Ensuring the Validity of Your Last Will and Testament

There are a number of reasons why people choose to execute a Last Will and Testament.  Some individuals create a will to ensure that their loved ones are provided for upon their passing.  On the other hand, other people create a will to ensure that certain family members are specifically excluded from the distribution of their estate.  Often times, however, life circumstances and/or the desires of the testator change between the execution of a will and the testator’s passing.  In such instances, a modification or revocation of the previously executed will is necessary to reflect the changed testamentary intent.

Many people assume that they can modify or revoke their will simply by drawing a line through existing provisions, handwriting in new provisions, and initialing next to the changes.  While this may be considered a valid modification in other states, this type of alteration is not valid under Florida law.  Florida law requires strict adherence to what are known as “will formalities” in both the execution and the modification of a will.  Any deviation from these strict formalities may result in a will being deemed invalid by a court, further resulting in the will not being admitted to probate and thereby frustrating the testamentary intent of the testator.

At the outset, to be valid under Florida law, a will must be executed in accordance with Section 732.502 of the Florida Statutes.  This section requires that a will be signed by the testator in the presence of at least two attesting witnesses, who must also sign the will in the presence of the testator and each other.  Likewise, for any subsequent modification of an executed will to be valid, the new will and/or amendments to the existing will must be executed with the same formalities explained above.  Under Florida law, a will may be modified in two ways: by codicil and by re-execution.  Florida Statutes, Section 732.5105, allows for republication of a will by codicil (essentially, an amendment to the will), stating that “the execution of a codicil referring to a previous will has the effect of republishing the will as modified by the codicil.”  It bears repeating, though, that the execution of a codicil to a will also requires strict adherence to the will formalities.  Any deviation from the strict formalities required by Florida law during the execution of the codicil may leave the original will intact, nullifying the intent of the codicil.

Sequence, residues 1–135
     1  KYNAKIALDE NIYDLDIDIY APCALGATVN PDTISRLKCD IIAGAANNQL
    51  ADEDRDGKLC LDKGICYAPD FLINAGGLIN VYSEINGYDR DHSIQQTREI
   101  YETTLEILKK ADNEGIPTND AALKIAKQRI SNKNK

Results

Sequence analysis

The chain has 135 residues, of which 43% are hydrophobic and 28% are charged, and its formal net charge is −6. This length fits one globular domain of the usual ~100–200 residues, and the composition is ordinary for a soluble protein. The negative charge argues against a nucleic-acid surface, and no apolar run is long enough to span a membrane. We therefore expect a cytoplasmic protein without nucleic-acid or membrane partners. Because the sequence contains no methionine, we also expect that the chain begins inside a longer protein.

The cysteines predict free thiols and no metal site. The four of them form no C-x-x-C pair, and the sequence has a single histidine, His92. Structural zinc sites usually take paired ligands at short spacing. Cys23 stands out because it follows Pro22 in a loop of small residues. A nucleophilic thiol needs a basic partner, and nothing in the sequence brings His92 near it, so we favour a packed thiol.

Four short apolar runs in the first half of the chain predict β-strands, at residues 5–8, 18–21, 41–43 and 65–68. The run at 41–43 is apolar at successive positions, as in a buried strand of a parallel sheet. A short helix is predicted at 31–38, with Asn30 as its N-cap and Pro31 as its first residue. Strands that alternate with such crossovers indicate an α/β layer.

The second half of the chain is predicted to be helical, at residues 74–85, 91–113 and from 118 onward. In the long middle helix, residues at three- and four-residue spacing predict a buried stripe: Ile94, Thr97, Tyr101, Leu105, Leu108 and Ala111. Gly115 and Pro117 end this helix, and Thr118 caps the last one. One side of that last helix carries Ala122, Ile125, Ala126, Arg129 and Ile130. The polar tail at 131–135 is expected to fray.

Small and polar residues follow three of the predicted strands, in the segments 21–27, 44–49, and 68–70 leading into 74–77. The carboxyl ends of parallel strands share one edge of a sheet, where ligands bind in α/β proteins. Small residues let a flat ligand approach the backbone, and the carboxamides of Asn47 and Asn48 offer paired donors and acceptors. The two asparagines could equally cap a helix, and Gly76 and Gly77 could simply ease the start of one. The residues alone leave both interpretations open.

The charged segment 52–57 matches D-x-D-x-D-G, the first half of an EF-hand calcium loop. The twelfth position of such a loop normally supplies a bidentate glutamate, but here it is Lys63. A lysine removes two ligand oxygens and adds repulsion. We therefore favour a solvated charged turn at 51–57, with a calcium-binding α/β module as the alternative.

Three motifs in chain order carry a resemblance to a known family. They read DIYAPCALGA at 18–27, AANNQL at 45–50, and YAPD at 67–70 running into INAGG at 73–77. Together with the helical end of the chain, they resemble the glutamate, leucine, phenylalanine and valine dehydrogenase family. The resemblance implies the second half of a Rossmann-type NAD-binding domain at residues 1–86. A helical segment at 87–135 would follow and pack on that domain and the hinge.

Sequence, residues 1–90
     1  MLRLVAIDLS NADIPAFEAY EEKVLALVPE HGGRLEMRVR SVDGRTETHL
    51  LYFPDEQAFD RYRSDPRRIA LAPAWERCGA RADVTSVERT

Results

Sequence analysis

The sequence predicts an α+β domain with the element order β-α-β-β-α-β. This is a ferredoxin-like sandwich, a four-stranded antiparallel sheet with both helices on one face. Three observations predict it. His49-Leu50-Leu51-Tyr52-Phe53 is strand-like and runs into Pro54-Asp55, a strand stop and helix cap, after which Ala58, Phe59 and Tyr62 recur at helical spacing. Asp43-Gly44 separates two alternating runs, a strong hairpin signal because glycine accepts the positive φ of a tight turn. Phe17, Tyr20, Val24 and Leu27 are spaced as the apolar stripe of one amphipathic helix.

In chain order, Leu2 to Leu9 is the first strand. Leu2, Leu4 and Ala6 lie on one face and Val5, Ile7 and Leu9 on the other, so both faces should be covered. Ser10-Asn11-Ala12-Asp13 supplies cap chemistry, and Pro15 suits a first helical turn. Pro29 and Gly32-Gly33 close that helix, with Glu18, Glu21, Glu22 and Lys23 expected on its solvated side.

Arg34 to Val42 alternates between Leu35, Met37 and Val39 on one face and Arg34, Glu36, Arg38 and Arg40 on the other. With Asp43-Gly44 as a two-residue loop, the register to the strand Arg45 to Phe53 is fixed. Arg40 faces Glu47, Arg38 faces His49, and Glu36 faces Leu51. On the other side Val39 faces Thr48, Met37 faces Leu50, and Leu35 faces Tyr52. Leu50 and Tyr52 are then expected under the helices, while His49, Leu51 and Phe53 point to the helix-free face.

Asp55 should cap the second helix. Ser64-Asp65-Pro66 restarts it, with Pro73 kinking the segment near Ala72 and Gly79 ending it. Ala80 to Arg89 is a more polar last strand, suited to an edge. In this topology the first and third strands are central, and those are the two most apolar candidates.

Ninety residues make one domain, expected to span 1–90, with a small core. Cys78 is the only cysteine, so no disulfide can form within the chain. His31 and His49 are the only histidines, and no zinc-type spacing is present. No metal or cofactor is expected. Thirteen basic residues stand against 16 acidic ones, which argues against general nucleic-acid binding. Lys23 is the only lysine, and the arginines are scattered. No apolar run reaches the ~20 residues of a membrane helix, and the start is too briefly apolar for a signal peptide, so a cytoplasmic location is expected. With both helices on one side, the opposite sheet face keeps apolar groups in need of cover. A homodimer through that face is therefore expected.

In some circumstances, however, such as when the testator desires to make substantial modifications to an existing will, a complete revocation of the existing will and the execution of a new will with the desired modifications is preferable to the execution of a codicil.  Under Florida law, an existing will may be revoked two ways: (1) by writing and (2) by physical act.  Fla. Stat. § 732.505 allows for the revocation of a will, or a codicil thereto, by writing.  Under this section, any will or codicil properly executed subsequent to the one the testator seeks to revoke is deemed to have revoked the first will to the extent there are inconsistencies between the two properly executed documents.  In other words, if a second will or codicil is validly executed, but does not expressly revoke the first will, the first will is deemed revoked as to those provisions that are inconsistent with provisions in the second will.  Further, Section 732.505 allows for the express revocation of a will by writing, whereby the testator may revoke an existing will, or codicils thereto, by properly executing a new will or codicil that explicitly states that the prior will is revoked.

Moreover, a will may be revoked by physical act in accordance with Section 732.506 of the Florida Statutes.  Under this section, the testator may revoke a will by “burning, tearing, canceling, defacing, obliterating, or destroying it with the intent, and for the purpose, of revocation.”  Once a will is revoked as outlined above, the testator may execute a new will, in accordance with the will formalities, containing all modifications that he or she desires to make.

If you or someone you know is interested in executing or modifying their will, please do not hesitate to contact the experienced estate planning attorneys at Chepenik Trushin LLP who are ready, willing, and able to take care of all of your estate planning needs.